Political Stability. The understanding of the right politics for business may also be interpreted more widely, drawing from countries as diverse as Israel, China, and Saudi Arabia. Can Africa put an end to the old paradigm in which the local politics worked against good business? There is still more work to be done in that area. In some economies, political and economic predictability are key considerations for international business. If African politics can be understood by the business community (and vice versa), more progress will follow.

External versus Internal. Many of Africa’s economic sectors are highly underpenetrated and underdeveloped. This situation provides an opportunity for those with a good understanding of the local risks to go in after their targets. Such development will translate into widespread growth in GDP eventually but not in the short term, mainly because of the low base. Formal savings rates are still very low. Will Africa fund its growth with external debt only?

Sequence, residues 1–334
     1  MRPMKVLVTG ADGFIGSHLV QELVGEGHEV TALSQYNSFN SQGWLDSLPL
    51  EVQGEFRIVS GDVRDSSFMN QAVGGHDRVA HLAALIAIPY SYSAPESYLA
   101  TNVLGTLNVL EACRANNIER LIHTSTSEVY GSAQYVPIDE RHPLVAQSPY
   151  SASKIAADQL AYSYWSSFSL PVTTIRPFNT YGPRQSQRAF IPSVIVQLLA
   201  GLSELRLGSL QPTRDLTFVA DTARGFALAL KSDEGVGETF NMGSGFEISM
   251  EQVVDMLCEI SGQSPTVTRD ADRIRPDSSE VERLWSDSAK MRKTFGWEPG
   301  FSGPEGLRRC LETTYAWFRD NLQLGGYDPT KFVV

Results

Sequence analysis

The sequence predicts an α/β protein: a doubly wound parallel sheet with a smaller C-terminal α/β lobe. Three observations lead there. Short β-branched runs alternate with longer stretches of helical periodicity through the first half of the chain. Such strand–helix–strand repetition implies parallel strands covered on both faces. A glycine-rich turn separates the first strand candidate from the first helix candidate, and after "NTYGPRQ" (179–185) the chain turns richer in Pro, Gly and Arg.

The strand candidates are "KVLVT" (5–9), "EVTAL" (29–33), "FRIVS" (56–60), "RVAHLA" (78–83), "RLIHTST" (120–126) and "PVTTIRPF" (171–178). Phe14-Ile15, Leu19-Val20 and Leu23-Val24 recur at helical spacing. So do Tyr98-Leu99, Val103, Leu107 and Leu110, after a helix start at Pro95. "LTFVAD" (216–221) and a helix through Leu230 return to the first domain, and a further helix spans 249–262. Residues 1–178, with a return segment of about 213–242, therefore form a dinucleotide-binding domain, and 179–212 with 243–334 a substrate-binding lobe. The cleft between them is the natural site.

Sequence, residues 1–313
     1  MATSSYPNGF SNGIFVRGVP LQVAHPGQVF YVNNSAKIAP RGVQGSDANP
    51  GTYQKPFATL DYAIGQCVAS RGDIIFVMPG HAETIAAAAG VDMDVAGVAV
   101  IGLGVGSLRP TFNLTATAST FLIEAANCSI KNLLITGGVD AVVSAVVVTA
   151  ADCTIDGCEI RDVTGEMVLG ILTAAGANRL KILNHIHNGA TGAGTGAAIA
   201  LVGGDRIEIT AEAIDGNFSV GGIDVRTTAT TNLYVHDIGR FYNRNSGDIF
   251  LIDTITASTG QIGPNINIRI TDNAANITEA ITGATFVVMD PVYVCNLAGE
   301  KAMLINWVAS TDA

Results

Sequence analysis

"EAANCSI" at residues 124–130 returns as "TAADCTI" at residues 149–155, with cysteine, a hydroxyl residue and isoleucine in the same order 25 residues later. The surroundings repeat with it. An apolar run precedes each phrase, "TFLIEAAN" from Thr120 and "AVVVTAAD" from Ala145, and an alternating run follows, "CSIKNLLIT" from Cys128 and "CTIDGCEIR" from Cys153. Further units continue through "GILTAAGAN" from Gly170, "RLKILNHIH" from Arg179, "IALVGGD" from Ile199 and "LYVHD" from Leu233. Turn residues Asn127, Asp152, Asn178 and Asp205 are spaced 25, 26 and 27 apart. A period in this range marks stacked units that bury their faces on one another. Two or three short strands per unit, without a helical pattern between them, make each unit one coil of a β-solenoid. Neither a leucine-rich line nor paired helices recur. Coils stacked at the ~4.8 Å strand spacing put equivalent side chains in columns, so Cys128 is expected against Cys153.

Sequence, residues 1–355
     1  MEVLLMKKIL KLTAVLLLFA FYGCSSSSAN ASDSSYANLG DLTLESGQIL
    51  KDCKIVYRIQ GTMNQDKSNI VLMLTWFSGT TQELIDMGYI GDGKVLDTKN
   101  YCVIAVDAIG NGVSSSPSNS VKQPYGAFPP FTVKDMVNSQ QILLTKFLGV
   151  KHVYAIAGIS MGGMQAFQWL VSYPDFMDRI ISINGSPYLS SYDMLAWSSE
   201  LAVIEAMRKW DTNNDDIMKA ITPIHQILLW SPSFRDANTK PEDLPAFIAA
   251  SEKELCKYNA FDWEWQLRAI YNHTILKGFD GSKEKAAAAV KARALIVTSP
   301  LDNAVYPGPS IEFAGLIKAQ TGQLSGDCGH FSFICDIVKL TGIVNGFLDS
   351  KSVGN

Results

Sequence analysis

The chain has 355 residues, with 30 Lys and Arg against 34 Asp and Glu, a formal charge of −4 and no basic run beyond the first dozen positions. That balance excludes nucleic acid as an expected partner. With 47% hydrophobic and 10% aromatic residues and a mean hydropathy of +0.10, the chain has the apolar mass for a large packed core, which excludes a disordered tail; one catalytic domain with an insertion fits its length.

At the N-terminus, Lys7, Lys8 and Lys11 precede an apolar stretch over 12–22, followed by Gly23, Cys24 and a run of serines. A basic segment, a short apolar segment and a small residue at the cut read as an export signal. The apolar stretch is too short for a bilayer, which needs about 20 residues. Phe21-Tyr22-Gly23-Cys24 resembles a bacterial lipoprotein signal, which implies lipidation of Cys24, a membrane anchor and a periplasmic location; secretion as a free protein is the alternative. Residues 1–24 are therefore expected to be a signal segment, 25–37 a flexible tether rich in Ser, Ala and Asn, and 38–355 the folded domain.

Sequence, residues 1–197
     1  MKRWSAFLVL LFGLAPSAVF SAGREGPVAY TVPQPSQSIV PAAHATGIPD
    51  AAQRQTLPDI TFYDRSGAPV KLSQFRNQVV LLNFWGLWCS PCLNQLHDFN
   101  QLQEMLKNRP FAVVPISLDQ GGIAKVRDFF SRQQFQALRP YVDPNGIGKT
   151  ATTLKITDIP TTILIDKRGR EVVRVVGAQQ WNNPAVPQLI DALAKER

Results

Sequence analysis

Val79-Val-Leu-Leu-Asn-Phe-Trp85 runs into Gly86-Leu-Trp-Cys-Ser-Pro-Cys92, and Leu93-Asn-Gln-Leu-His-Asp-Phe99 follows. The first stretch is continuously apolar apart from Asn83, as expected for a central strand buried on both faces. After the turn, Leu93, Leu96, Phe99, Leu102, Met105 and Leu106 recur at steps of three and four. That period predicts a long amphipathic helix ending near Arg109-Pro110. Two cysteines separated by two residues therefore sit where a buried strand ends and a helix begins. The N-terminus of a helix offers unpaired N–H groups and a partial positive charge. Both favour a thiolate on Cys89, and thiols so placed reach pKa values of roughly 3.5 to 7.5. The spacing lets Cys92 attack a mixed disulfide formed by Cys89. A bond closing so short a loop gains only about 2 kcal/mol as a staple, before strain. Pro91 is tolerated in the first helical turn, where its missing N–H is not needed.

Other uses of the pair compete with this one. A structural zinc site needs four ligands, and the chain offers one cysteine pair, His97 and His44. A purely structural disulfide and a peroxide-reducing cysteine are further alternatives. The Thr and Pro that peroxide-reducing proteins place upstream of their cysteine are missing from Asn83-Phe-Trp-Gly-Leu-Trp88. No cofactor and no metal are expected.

Agriculture. Africa has a large chunk of the world’s arable land, most of which is firmly within the tropics, yet agricultural productivity is still rather low for a host of reasons. Although we should expect Africa to be able to feed its population, agricultural productivity still has a long way to go to meet this challenge.